Learn about the aging behavior of resistors using temperature calculations and the Arrhenius equation to understand resistor drift and resistors stability in article written by Dr. Steve Arar and published by All About Circuits.

**Aging Prediction—Resistor Drift Due to Aging**

To begin with, let’s remember that the value of a resistor changes with time. In many circuits, only a gross level of precision is required and the resistor aging might not be a serious issue. However, certain precision applications require resistors with a long-term drift as low as a few parts per million over the specified lifetime.

Therefore, it is important to develop aging prediction models with sufficient accuracy to ensure that the employed precision resistors maintain the specified precision over the entire lifetime of the system. One company, Vishay, suggests using the following equation (Equation 1) to calculate the long-term variation of a thin-film resistor:

where

- Is the reference drift of the resistor at the reference time t0t0 and temperature θ0θ0.

- Is the drift value after the desired operating time of the resistor, t, at temperature θjθj.

Equation 1 shows that raising the resistor’s operating temperature by 30 °K increases its long-term drift by a factor of 2. Additionally, the drift increases with the cube root of the operation time. For example, if the 1000-hour drift of the resistor at 125 °C is less than 0.25%, the resistor drifts after 8000 hours of operation at the same temperature (θj=θ0) is estimated by:

**Arrhenius Equation for Resistor Aging Prediction**

In Equation 1, the term that takes the temperature dependence into account is derived from the Arrhenius rate law which is also repeated below as Equation 2:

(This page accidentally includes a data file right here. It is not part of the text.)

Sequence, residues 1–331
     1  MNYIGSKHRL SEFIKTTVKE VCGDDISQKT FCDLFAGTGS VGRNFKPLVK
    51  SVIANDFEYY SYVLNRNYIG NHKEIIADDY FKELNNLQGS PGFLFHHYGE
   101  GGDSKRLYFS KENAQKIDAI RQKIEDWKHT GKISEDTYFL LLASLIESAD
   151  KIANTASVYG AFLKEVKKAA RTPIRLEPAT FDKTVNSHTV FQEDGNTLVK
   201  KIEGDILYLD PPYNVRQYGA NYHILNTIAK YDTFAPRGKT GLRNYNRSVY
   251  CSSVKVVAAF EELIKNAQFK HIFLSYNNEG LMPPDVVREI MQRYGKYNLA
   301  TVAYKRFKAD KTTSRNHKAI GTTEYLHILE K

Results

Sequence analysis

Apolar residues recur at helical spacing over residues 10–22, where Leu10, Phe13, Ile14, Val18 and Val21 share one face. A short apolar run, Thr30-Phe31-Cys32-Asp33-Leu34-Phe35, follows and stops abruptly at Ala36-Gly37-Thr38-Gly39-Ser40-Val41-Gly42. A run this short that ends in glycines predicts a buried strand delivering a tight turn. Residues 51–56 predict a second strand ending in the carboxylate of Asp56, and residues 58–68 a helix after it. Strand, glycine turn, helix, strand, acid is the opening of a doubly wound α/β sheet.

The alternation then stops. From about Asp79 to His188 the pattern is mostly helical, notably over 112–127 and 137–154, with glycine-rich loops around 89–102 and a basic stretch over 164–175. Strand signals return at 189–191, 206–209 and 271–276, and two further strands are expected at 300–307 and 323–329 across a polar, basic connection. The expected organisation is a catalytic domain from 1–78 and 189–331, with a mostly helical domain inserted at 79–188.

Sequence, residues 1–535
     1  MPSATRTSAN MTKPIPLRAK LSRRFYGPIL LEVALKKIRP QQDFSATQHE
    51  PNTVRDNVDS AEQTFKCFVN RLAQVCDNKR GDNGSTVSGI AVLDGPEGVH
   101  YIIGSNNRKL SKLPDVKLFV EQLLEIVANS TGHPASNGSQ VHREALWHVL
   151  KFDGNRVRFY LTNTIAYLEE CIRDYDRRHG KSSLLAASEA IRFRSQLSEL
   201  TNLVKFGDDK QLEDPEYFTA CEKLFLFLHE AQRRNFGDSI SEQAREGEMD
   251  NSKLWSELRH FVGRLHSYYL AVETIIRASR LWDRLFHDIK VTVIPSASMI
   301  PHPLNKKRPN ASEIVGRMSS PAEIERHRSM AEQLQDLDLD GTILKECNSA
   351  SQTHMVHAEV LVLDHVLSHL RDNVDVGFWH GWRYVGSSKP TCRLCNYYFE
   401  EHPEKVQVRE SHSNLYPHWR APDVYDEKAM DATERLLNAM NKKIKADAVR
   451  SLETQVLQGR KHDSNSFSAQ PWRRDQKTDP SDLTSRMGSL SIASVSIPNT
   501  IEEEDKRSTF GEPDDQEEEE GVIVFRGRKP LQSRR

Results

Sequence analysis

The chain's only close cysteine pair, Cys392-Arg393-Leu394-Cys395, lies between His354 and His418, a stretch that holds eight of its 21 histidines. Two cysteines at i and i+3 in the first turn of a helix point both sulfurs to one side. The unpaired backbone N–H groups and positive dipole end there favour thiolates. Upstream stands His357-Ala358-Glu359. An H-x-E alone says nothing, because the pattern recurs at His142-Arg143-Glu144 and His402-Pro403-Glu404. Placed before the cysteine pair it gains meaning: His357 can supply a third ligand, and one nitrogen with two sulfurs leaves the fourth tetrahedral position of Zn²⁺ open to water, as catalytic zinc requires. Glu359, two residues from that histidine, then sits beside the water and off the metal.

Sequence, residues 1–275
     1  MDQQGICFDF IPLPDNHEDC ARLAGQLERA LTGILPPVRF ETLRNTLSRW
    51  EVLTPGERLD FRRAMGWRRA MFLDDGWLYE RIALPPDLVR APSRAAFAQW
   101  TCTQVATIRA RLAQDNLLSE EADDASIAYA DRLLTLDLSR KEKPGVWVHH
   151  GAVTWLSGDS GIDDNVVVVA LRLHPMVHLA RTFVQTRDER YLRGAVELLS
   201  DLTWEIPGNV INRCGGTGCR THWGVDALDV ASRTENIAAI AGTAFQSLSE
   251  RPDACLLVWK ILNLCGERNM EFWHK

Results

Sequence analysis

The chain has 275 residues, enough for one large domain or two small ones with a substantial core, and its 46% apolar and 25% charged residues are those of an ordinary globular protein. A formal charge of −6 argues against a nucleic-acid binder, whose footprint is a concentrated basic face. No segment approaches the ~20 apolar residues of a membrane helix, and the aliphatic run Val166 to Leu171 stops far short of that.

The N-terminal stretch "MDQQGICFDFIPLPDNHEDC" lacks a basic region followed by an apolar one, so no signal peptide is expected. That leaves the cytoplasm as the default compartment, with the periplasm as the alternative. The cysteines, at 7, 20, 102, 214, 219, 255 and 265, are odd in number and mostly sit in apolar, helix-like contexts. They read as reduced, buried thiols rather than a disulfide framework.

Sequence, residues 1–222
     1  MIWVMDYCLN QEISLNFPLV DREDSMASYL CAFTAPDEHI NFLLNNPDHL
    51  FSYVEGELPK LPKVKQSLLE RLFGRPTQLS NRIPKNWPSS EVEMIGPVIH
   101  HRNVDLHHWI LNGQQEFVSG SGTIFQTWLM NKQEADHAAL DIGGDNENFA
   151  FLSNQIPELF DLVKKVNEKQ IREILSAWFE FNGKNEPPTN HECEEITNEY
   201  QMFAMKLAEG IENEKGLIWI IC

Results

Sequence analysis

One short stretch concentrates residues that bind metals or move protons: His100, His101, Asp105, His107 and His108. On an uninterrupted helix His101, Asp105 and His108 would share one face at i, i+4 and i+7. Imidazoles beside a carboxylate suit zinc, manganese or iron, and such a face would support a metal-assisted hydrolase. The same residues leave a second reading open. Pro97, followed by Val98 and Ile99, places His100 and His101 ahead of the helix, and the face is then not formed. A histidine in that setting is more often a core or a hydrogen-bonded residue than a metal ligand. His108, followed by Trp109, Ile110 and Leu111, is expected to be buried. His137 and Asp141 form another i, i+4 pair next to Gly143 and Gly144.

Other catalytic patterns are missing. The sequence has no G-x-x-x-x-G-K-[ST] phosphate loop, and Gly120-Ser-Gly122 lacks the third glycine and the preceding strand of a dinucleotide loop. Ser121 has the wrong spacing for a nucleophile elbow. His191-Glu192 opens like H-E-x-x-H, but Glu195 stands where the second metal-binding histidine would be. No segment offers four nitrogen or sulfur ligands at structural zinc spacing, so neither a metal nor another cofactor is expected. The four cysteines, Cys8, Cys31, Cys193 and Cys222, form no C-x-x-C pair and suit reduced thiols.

This equation specifies how the speed of a reaction changes with temperature in Kelvin (T). According to Vishay, the aging process of both thin-film and foil resistors obeys the Arrhenius equation.

Figure 1 shows the aging data of identical foil resistors at different temperatures.

In this figure, the natural logarithm of the standard deviation of the resistors’ drift distribution (Ln(D_{SD})) is plotted against 1000/T.

Note that a straight line can be fit to these data points. This is consistent with the Arrhenius equation, which can be expressed as:

This equation shows that the plot of Ln(PR) versus 1/T is a straight line when a reaction obeys the Arrhenius equation.

Since this relationship holds true for the data points in Figure 1, we can conclude that the aging process of these resistors obeys the Arrhenius law.

**Estimate Resistor Temperature – Improving Long-term Resistor Stability**

Based on Equation 1, keeping the resistor at a lower temperature can reduce its drift with time. The remaining question is, how can we keep the resistor cooler?

The θ terms in Equation 1 refer to the resistor temperature rather than the ambient temperature. The resistor temperature (θ _{Resistor}) can be estimated by the following equation:

Where:

- θ
_{A}is the ambient temperature - R
_{th}is the thermal resistance of the resistor - P is the power dissipated in the resistor

This equation shows that, in addition to the ambient temperature, the heat dissipated in the resistor and the thermal resistance value can affect the resistor temperature.

For the resistor to run cooler, we can limit the power dissipated in the resistor if possible. Besides, changing the characteristics of the PC board, such as the trace density and the number of the power/ground planes, can change the value of the effective thermal resistance of the system. This change is because the PC board acts as a heatsink soldered to the resistor. A more efficient heatsink or use of SMD thermal conductors can improve heat transfer and keep the circuit components, including the precision resistors, cooler.

Adjusting different design parameters, we can attempt to keep the resistor temperature below a typical maximum value of 85 °C to achieve improved long-term stability.

It is also worth mentioning that operating a resistor at power levels higher than the nominal value can lead to a long-term drift larger than that predicted by the Arrhenius-based equations. Above the rated power, some hot spots can appear in parts of the resistive material where the aging process is accelerated. This can lead to a drift value larger than that predicted by the average temperature of the resistor.